Mail-order Mysteries

Mail-order Mysteries

Real Stuff From Old Comic Book Ads!

Book - 2011
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What do you really get for .99 cents plus shipping and handling? Mail-Order Mysteries answers this question, revealing the amazing truths (and agonizing exaggerations) about the actual products marketed in comic book advertisements throughout the decades.
Publisher: San Rafael, Calif. : Insight, 2011
ISBN: 9781608870264
Branch Call Number: 745.1 DEM 2011
Characteristics: 156 p. : col. ill
Additional Contributors: Thorn, Jesse


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Sep 28, 2016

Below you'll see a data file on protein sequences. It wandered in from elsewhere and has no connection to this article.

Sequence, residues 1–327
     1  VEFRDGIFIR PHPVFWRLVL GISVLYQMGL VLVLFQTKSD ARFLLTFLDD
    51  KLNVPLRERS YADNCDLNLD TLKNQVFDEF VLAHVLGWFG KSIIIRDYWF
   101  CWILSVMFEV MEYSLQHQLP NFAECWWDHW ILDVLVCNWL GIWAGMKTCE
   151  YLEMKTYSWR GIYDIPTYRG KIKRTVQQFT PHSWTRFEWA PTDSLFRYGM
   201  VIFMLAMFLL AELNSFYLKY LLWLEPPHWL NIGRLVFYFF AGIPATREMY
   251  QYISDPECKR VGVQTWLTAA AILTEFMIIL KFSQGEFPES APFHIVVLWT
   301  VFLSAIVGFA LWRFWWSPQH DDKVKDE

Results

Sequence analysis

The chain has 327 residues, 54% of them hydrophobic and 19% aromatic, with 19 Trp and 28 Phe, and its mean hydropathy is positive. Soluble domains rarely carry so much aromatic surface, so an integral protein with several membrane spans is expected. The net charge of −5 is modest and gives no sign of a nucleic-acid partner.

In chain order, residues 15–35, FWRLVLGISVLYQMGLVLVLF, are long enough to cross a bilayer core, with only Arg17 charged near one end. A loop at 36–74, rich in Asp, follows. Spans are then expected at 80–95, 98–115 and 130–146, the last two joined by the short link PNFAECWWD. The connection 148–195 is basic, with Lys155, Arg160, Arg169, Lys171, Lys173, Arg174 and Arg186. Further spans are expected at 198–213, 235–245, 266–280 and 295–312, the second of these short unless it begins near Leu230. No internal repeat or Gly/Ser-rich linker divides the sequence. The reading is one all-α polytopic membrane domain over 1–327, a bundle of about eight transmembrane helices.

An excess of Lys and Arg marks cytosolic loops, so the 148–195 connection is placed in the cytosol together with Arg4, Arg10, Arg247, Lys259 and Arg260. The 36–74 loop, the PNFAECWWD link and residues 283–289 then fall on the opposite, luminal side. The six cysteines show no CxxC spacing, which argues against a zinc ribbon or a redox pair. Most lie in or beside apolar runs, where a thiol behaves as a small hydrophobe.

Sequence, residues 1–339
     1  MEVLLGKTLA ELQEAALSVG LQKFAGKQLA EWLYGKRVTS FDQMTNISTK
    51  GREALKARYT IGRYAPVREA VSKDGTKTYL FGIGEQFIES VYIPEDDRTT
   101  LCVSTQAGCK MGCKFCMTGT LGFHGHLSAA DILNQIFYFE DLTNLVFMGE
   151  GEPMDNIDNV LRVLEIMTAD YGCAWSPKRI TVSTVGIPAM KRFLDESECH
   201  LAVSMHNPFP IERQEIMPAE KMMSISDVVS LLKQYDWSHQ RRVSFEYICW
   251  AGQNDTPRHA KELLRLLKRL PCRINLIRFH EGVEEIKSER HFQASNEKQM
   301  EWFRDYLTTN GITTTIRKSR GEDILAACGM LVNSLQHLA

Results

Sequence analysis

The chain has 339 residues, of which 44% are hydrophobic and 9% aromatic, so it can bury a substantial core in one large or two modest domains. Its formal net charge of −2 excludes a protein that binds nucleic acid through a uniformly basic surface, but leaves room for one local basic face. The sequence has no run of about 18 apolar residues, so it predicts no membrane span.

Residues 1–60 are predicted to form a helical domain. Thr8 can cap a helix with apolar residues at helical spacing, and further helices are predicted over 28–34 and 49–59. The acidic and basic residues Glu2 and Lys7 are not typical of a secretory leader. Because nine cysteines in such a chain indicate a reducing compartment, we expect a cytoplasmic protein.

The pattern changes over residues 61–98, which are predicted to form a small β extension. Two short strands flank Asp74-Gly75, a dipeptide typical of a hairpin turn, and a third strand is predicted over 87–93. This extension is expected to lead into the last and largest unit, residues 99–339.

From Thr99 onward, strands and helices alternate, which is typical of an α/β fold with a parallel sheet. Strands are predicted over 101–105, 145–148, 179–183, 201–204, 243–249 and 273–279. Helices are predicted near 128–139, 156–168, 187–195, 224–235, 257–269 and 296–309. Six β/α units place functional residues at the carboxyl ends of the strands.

Cheesy ads promoting all sorts of questionable items have appeared throughout the history of comic books. In the lavish Mail-Order Mysteries, Demarais supplies a chronicle of the more popular and infamous products. Far more than just a mere listing, each item includes the original ad, a picture of the actual item, and exploratory text broken into three or four parts: WE IMAGINED, THEY SENT, BEHIND THE MYSTERY and CUSTOMER SATISFACTION. Demarais starts with an exploration of the classic X-Ray Spex. The ad promised "Amazing X-Ray Vision Instantly!" For $1, it claimed you could "See through fingers -- through skin -- see yolk of egg -- see lead in pencil." Demarais reveals every boy's belief about the product in the WE IMAGINED. "Glasses that enable you to see real skeletons and nudity." In the THEY SENT segment he quickly debunked it, informing that the Spex were really "eyewear stuffed with bird feathers!" The feathers created the illusion of seeing skeleton or the curve of a woman's body. In BEHIND THE MYSTERY, Demarais tells us that creator Harold von Braunhut also created Sea-Monkeys. He closes the passages with "CUSTOMER SATISFACTION: Not X-actly what we X-pected, but they're X-alted as the quintessential mail-order novelty." In 150 pages, Demarais covers legendary novelties and questionable products such as the 100 pc. Toy Soldier Set, Grit newspapers, World's Deadliest Fighting Secrets, and the Polaris Nuclear Sub. He often shares little known but interesting facts about the products, their companies and creators. The only downside to this book is the lack of an index. Demarais divides the book into eight subject sections making it difficult to locate something you read previously.

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